Two points: The telephone remains an essential marketing and sales tool. Despite the ease and convenience of email, when push comes to shove, we all use the phone to introduce ourselves, clarify specifications, give thanks for the business, and, yes, apologize for mistakes and miscommunication made via other communications media. On the other hand, the telephone is an underutilized marketing resource for most printing companies. It has also become a great source of frustration for customers and sales reps.


When calling our HMO, financial and insurance providers, government agencies, or large corporations, we are forced to punch through an endless maze of menus and numbers. Then you're left on hold for an interminable period of time. God forbid you get distracted and miss a prompt; you're forced start all over, wasting precious minutes in pursuit of help. This is not a customer-friendly system, no matter what the CRM pundits say.

While many printing companies have regrettably opted for such a mechanical phone system, most are not the size of these mega-organizations and, so, have the more preferable option of hiring a real-live person to answer the phones. This person should be knowledgeable about the organization, trained in phone skills, and helpful in getting the caller through to appropriate contact in the organization.

Training in phone protocols, including those for receptionists, reps, and CSRs, is widely available and used by many printing companies. It's surprising, then, how little effort many companies make to help employees who routinely speak with customers and prospects. The need for training of those who have such contact should be apparent, and it should not be limited to phone protocols and etiquette, important as these subjects may be. It should include information about the nature of the company's work — products and capabilities — and it should be updated frequently.


Any company that's serious about quality service struggles to keep customers on hold for no more than a few seconds at a time. As a printbuyer myself, I am often put on hold while a rep or CSR is paged. My wait may be no more than a minute or two, not very long on the face of it. But if the hold is silent, the elapsed time seems like an eternity in a world in which our working lives are increasingly measured in nanoseconds.

Most companies know this, and they respond to the need with music — Musak or a local radio station. Musak is better than nothing, but what a wasted opportunity.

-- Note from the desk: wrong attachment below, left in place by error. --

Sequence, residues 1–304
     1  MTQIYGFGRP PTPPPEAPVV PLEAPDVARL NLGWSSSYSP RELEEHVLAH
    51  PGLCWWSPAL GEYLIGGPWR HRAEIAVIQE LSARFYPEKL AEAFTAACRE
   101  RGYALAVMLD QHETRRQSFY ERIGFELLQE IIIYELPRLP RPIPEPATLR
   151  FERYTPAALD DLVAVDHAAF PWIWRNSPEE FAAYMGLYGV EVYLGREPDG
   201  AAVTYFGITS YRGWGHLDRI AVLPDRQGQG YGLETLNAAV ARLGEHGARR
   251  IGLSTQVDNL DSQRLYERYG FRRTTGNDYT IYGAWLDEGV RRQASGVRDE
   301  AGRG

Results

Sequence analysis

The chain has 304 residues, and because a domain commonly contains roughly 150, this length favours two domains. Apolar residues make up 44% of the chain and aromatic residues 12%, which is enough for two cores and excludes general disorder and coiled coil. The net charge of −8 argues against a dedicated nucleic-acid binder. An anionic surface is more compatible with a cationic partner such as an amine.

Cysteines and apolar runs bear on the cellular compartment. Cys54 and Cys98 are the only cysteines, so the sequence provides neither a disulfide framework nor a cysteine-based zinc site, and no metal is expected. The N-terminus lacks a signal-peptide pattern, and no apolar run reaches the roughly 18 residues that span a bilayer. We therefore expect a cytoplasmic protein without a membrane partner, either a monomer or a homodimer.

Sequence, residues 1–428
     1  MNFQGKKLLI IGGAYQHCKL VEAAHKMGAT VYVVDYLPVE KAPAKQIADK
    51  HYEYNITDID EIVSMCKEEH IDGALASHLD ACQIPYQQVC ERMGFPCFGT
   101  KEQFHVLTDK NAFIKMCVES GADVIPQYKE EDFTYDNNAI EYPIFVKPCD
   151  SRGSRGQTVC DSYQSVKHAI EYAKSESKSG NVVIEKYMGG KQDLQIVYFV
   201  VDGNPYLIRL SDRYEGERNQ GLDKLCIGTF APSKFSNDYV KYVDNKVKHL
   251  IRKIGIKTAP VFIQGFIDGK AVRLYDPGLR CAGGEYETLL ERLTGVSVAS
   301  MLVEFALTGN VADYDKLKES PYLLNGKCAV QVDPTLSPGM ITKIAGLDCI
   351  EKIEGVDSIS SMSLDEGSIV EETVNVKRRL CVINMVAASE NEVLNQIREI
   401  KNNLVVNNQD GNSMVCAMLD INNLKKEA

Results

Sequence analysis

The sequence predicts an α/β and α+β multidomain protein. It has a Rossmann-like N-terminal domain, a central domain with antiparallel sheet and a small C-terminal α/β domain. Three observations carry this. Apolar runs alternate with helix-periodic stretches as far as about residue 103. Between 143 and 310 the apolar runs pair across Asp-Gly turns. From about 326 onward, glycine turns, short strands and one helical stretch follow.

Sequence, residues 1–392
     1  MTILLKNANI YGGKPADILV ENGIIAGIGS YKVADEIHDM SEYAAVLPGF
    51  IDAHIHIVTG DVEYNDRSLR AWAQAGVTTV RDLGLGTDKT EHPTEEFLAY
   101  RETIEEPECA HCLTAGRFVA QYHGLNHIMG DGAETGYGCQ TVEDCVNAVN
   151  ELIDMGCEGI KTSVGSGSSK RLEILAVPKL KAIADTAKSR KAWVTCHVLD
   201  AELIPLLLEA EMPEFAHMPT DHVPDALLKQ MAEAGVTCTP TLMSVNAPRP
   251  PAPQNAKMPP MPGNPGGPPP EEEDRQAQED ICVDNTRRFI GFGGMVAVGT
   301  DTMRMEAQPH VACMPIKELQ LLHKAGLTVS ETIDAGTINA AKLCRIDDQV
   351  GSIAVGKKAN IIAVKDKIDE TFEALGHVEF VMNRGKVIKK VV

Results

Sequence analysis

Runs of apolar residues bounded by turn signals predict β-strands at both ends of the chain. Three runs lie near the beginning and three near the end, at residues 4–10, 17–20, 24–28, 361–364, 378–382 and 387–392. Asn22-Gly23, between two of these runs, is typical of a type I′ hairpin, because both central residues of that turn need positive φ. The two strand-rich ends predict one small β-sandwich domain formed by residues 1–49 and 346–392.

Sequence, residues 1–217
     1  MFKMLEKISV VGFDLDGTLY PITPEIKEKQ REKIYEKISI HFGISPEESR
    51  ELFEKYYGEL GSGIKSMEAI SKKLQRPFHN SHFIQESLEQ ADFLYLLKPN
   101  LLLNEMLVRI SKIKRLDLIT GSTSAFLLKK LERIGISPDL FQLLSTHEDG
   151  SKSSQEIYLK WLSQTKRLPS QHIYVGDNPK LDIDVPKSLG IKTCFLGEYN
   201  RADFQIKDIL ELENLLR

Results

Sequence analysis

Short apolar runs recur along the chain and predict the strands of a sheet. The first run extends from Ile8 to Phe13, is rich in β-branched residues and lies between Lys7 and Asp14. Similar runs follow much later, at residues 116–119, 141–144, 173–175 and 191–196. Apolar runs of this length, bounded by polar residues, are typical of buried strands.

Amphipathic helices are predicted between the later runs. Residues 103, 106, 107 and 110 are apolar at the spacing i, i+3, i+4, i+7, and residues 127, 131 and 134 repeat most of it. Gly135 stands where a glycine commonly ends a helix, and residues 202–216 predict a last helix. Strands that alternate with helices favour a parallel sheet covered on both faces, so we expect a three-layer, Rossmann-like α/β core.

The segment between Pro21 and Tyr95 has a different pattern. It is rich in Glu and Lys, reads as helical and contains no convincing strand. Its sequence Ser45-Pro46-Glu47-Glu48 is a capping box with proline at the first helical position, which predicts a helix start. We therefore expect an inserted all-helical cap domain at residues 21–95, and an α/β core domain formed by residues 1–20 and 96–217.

Here's a perfect recent example: An on-demand printing company plugged its phone system into a local radio station for on-hold programming. A prospect was kept on hold and heard the advertisement of the company's competitor offering a discount for the very product he was calling about. When the rep picked up the phone, the prospect insisted on getting the same deal the competitor was offering. Ouch!

Another recent example: A client who uses our phone-on-hold service told us he'd just won a job because the prospect learned on the messaging tape that our client had pharmaceutical folding capabilities.

There's hardly a more cost-effective way to promote capabilities than to include them in brief phone-on-hold messages, interspersed with music of your choosing. It's a perfect answer to the "I didn't know you do that" syndrome. The messages, recorded by professionals, inform customers about existing capabilities and new additions to your range of services. Sound expensive? It's not.

The equipment is a non-issue. Most telephone systems now include a chip that accommodates phone-on-hold recordings. In older systems, a piece of external equipment can be added via a jack at prices ranging from $500 and $1000, depending on your phone system. And script development is in the $1,000 to $1,500 range.


Most importantly, your phone messaging must be consistent with your brand strategy. If your brand is founded on friendly customer service, select talent with voices that are warm and friendly, music that soothes, and craft messages that support your customer service value propositions. On the other hand, if your brand is based on a technology value, you'd choose voice talent with a faster-paced delivery, upbeat music, and snappy messages about capabilities. Of course, customer research is a prerequisite to determining your brand strategy and making sure your phone-oh-hold messages (and all your marketing messaging) hit the mark with your callers.

In my next column, I'll address ways to overcome the dark side of phone communications —voice mail and gatekeepers — to help your sales staff get their messages heard.

Charlotte Mills Seligman is president of Traversant Marketing Communications. The firm specializes in planning and executing integrated marketing programs for printing and allied graphic arts companies, with nearly two decades of expertise in the industry. Previous columns and issues of the company's Ti Monthly e-newsletter are posted on Inquiries should be directed to (415) 357-2929 or charlotte

© 2003 Charlotte Mills Seligman

October 20, 2003
Print & Graphics
Col#55, 10/03
Printing Journal
Col #55, 10/03
The Telephone
By Charlotte Mills Seligman

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